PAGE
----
My view is easily summarized.  Meh.  I grew up in a Catholic family, going to church every week and doing all the classes – and if there was anything I learnt from reading all the “social justice literature” it was that Catholicism as an institution likes to frame things as battles between “right” and “wrong” rather than actually trying to understand the subtle undertones of what is actually happening.  The Pope seems like a nice guy, who is well intentioned, but he relies on “common sense” views of rising injustice – rather than looking at the facts.  While this makes Catholics feel good about themselves, it is a lazy way to talk about justice and fairness – which implies that there is some truth to what he says (we should talk about these matters) but it also propagates dangerous falsehoods.

Note:  If anyone is wondering, I’m not being bitter here.  Growing up my church was filled with good people who were incredibly supportive, who gave me good life advice, and who were always kind – I have nothing but good feelings about any of this.  But the general attitude that exists in society as a whole, that there are obvious good and evil things, is dangerously naive.

Yes, many Catholics have different value judgments than wider society – with far more redistribution desired (I will of course admit to being in this direction on a personal level).  And this is cool!  But I just don’t see this as a reason to employ empty rhetoric to persuade others to introduce policies that favour your value judgments, which is what they are doing.

Of course, this brings us to the actual subject of this post – religion is an institution, an institution that fills a certain role within society and the lives of an individual.  When we think about ideas of ‘social capital’, religion offers us a lens on the type of community/social institutions we are talking about when thinking about this issue.  This is a common idea, and with the use of a little game theory we can even state that Jesus was an early applied economist.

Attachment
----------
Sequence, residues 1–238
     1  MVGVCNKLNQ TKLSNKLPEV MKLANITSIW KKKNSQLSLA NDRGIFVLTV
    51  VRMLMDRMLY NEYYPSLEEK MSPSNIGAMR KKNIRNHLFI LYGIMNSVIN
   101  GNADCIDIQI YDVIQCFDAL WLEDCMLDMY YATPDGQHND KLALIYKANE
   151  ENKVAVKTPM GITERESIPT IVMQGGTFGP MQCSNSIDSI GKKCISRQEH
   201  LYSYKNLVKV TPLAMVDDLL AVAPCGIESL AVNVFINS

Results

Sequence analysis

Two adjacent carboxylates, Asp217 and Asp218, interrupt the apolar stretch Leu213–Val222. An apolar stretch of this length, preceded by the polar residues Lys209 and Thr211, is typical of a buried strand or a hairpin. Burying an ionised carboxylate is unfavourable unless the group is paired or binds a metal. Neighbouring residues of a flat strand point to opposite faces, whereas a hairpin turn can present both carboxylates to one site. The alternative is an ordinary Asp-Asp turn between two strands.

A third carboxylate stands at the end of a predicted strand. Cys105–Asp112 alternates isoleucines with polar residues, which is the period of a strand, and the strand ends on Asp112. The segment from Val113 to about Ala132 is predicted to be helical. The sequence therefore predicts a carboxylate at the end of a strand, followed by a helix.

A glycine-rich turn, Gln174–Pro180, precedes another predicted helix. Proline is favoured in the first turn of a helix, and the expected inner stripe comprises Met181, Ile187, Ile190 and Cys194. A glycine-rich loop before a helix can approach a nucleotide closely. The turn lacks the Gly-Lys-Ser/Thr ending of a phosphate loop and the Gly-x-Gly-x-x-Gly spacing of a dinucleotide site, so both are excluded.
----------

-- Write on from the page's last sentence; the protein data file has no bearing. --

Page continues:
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On studying economics

I was going to do a quote by Joan Robinson as a quote of the day – but then I realised, I’d done this before!

The purpose of studying economics is not to acquire a set of ready-made answers to economic questions, but to learn how to avoid being deceived by economists.

And in 2008 I made the same point I was about the make now:

Training to be an economist does not tell you the answer to any economic question – it gives you the tools with which to determine answers for yourself, given your own set of value judgments.

Although I would note “any” is a bit strong, it really depends what the question is 🙂 .  So why was I going to post this quote again? Read more

Quote(s) of the day: Keuzenkamp on controls and data mining

As I indicated here I am reading Probability, Econometrics, and Truth.  A nice outline of things, I’m enjoying it at present (I was 20% of the way through when I wrote this post over five weeks ago).

Two quotes I’d like to note down here: Read more

Isn’t Economic History grand

The discussion about Milton Friedman going on at the moment is great fun – with a bunch of people discussing whether Friedman was Keynesian and what this even means.

It all starts with Krugman attacking Friedman’s obsession with monetary aggregates.